Travelling and Working in Bangkok: What Digital Nomads Should Know

Posted on Feb 20 2021 - 10:16pm by Sarah Smith

It’s no surprise that Thailand has become a hotbed for digital nomads coming from all over the world. With its beautiful beaches, a plethora of islands, delicious foods, choices of co-working spaces, and friendly hosts, Thailand has established itself as one of South East Asia’s most welcoming paradises. The low costs, easy-going lifestyle, and beautiful sights are just a few reasons why the country has attracted so many location-independent professionals. Below is a guide to everything you need to know if you’re working remotely in Bangkok, Thailand.

digital nomads

1. Lifestyle

Bangkok is, for most visitors, the first stop when they enter Thailand. Whether they’re headed north to Chiang Mai or south to the iconic islands, they’ll usually spend at least a day or two in the capital city. What any visitor will soon find is that Bangkok is a versatile city that has something for everyone. It has tropical trees and golden-roofed temples. It has exotic foods and charming, outdoor markets. It also has, however, well-paved roads, efficient public transportation, and refined luxuries like fine dining and impressive shopping malls. It is the perfect mix of an exotic getaway and a well-developed city.

Couple that with warm weather year-round, low living costs, and a booming expat community, and you have yourself one of the most vibrant and growing cities in the world today.

2. Survival Tips

While there isn’t too much to complain about when it comes to the quality of life in Bangkok, no place is perfect. This is especially true when you’re living the life of a digital nomad and are reliant on things like the internet. Depending on your location, wifi in apartments and cafes can be weak. This means you’ll probably have to invest in a solid connection on your own or rent your own workplace.

The issue of getting a visa is always, well, an issue. If you can’t afford a six-month visa, then making frequent visa runs will become an integral part of your life abroad. This also means you’ll have to regularly watch out for your visa status. Most nomads are working in Thailand illegally. And while most people you meet are friendly and genuinely curious about your life and work, it’s better to minimize interactions regarding your work status as it can get you reported. This is, of course, true of anywhere you work without paying taxes.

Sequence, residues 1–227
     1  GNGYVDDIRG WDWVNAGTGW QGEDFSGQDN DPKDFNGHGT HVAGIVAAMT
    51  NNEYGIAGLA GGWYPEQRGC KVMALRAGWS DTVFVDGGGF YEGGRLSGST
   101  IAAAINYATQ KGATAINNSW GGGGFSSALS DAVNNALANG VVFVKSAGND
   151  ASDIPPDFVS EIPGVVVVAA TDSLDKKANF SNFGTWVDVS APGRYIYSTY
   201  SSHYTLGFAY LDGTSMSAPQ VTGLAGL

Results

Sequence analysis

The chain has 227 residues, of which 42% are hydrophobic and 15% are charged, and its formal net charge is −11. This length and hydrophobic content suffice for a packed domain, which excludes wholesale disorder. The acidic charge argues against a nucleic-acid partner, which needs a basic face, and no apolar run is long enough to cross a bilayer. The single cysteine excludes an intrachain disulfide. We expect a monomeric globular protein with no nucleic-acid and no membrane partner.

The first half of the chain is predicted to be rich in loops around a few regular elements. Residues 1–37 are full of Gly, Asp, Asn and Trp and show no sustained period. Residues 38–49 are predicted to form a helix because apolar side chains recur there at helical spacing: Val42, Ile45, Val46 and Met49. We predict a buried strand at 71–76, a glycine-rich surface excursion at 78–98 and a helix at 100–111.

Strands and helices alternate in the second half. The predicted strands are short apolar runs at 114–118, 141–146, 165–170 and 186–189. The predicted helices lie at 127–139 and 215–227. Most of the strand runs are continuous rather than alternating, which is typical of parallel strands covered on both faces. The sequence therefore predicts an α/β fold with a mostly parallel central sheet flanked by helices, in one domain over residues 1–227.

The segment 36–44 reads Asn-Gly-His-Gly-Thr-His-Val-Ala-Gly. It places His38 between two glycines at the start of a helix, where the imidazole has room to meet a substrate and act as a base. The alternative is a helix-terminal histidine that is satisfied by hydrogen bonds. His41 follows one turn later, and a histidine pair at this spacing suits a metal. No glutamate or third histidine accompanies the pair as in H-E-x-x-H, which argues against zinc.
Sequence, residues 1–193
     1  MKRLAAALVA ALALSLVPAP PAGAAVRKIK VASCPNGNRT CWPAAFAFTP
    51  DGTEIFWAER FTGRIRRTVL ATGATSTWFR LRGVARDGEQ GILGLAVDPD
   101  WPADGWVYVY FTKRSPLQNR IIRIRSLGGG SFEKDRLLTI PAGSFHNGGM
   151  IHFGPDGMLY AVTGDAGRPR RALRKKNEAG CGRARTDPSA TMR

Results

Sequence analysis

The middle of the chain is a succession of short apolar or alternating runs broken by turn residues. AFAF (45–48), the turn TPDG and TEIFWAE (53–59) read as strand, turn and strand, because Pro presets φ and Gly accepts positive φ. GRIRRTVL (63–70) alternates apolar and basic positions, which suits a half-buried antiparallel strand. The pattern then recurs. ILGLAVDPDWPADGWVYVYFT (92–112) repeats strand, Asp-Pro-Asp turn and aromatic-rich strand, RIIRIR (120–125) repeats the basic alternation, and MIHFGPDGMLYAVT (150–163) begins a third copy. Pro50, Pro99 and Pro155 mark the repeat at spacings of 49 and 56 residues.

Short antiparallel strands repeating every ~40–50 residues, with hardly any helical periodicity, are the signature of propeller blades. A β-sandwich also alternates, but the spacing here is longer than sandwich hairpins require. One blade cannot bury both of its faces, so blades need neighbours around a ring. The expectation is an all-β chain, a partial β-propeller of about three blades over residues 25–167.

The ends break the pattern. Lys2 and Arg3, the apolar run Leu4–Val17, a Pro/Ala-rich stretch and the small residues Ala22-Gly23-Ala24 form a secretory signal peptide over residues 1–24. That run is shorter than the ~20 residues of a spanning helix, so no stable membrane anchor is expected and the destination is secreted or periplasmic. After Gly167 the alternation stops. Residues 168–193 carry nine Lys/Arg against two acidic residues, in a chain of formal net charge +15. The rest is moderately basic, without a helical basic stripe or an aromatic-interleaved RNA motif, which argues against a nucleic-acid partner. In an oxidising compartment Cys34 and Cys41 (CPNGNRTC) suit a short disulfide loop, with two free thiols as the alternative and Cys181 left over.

3. Where to Work

It might be easy for some to work in the comfort of their home or in a cafe. For others, however, proper office space is required to build their business, network, and have a proper workplace environment to rely on.

You can find coworking spaces around you almost anywhere in Bangkok. They not only provide an office space that will anchor your work but are an affordable and flexible resource for networking and community building. They’re great for collaboration, exchanging ideas, and finding work in Bangkok for foreigners. There’s a good chance you’ll find someone in your field considering the limited amount of work being done online.

4. Workshops and Events

A number of nomads have taken the initiative in hosting their own workshops and career-oriented events. Many of these are cheap or free of charge. This is an excellent way to meet other independent professionals in your field of work. As this is becoming more and more popular, locations in Bangkok have been making things easier and more affordable to choose venues for your workshop. Event centers, conference halls, and outdoors summits are becoming the norm and areas accessible to attend as they are to host.

5. Health, Insurance, and Regional Concerns

Be sure to get both vaccinated and insured before arriving to Thailand. Since you’re coming, most likely, on a tourist/temporary visa, getting travel insurance or an alternative option in your own country is a necessary task. You should also take some time to read about food poisoning, water sickness, and other ways that your body might act up as it begins to acclimate to new foods and bacteria.

Thailand also happens to be more conservative on the political spectrum. Knowing what you can and can’t say when it comes to politics can make the difference between time spent in the sun or behind bars. Like visiting any country, do some research on some of the cultural norms, laws, and what is considered taboo before arriving.

Life is a joy for most digital nomads in Bangkok. You can learn more about tips to become digital nomads in Bangkok here. We hope these tips help you in your journey to the land of smiles

Sarah Smith
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About the Author

Sarah is a small business owner and is currently learning about marketing, using the internet. Aside from working on her own business, she likes to use social media, and read travel books.